Windows Vista for Business Out Today

Windows Vista has been in development for roughly five years and I have been actively involved as a beta tester for the last 12 months. I have seen the good and the bad of Windows Vista (agonized over driver incompatibility, praised security and enhancements to the user interface).

Now that I have had some time working with the official Windows Vista release to manufacturing (RTM), I wanted to share with you my growing love affair with Windows Vista.

First things first, let’s begin with how Microsoft is branding its new editions. They have created six different versions of Vista to handle the needs of private consumers, small businesses, and large enterprises. The versions are packaged as follows: for private consumers – Windows Vista Home Basic, Windows Vista Starter, Windows Vista Home Premium, Windows Vista Ultimate (with all the bells and whistles).

Other Vista Articles by Steve Warren

On the Ropes?

Vista to be a More Secure Platform

Taking Vista for a Test Drive

Will Longhorn Deliver?

FREE Tech Newsletters

For businesses there are Windows Vista Business, and Windows Vista Enterprise, which handle the business side of Vista such as encryption and virtualization.

The Pros

Now for the fun stuff: I have been working with the Windows Vista Ultimate edition and I would like to share some of the things I love about Windows Vista. For starters, the installation of Vista is aesthetically beautiful to the eye and simplistic by nature.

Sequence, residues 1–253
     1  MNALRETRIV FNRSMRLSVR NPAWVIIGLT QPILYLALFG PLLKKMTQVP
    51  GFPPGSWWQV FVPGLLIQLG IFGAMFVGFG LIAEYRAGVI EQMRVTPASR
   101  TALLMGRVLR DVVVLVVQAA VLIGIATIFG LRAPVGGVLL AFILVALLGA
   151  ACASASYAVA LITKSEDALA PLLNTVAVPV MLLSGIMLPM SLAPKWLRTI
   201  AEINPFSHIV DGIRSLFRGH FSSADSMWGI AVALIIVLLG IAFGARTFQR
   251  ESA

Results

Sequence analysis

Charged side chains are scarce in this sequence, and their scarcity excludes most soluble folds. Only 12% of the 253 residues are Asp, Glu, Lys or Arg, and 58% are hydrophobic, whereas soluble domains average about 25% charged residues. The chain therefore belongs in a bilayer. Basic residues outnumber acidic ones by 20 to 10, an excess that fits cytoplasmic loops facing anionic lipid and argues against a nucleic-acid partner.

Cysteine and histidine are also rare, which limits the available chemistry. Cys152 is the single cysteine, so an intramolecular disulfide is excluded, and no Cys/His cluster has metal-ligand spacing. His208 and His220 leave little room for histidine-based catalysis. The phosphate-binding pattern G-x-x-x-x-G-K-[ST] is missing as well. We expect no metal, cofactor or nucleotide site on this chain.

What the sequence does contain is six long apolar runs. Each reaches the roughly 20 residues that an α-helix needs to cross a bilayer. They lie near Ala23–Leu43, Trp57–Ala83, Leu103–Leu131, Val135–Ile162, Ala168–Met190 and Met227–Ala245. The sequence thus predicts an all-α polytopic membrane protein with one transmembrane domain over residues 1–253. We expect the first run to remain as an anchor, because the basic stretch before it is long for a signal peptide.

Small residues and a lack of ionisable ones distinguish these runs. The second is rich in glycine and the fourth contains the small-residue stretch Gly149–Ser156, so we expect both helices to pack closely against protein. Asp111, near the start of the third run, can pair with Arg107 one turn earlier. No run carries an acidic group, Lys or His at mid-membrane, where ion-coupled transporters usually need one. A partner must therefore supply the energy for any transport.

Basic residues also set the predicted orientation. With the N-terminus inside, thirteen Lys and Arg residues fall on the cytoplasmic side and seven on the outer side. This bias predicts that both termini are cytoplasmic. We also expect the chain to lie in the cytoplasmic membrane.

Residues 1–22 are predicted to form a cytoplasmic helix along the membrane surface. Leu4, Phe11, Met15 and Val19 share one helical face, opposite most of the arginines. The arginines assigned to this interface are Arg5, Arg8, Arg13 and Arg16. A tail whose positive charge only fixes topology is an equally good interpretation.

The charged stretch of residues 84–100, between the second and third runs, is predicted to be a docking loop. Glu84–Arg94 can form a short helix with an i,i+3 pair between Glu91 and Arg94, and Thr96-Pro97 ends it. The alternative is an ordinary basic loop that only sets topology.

The installation went very smoothly and in less than 28 minutes I had my new operating system singing. This is half the time it takes to load Windows XP Professional. Before I ever got into the new operating system, I was pleased on this front alone.

My laptop graphics card supports Vista Aero Glass, which is simply the eye candy of Vista. All I can say is a-maz-ing. Every time I work on my laptop, I find myself smiling at how beautiful the interface is. The Start button has been redesigned as a beautiful orb with a windows logo, the Start menu, and the icons, Microsoft did a great job redesigning the user interface.

Once I got past the interface, and starting digging around I found that configuring a wireless connection was a snap and the security that came with Vista was top-notch.

I was able to create a standard account and elevate my privileges to administrator when the need arises. For example, I run as a standard user, and anytime I have to install software, I am asked for the administrator password.

Anytime I have to get into the admin tools or control panel or any area that requires administrative rights, I am prompted for the admin password. Vista was built similar to Linux in that you do not have to run your computer as a root user.

Kudos to Microsoft for finally getting this right.

Also included in Vista is a newly redesigned Internet Explorer 7 (IE7). I love the new user interface that includes tabbed browsing, quick tabs, instant search bar, page zoom, support for RSS, phishing filter, and a protected mode.

Everyone loves the tabbed browsing but I really enjoy the security of the IE7 protected mode. In protected mode, you are safe from hackers. It is impossible for IE7 in Vista to modify user and system files without your input. It basically prevents hackers from taking over your browser and executing code through administrative rights.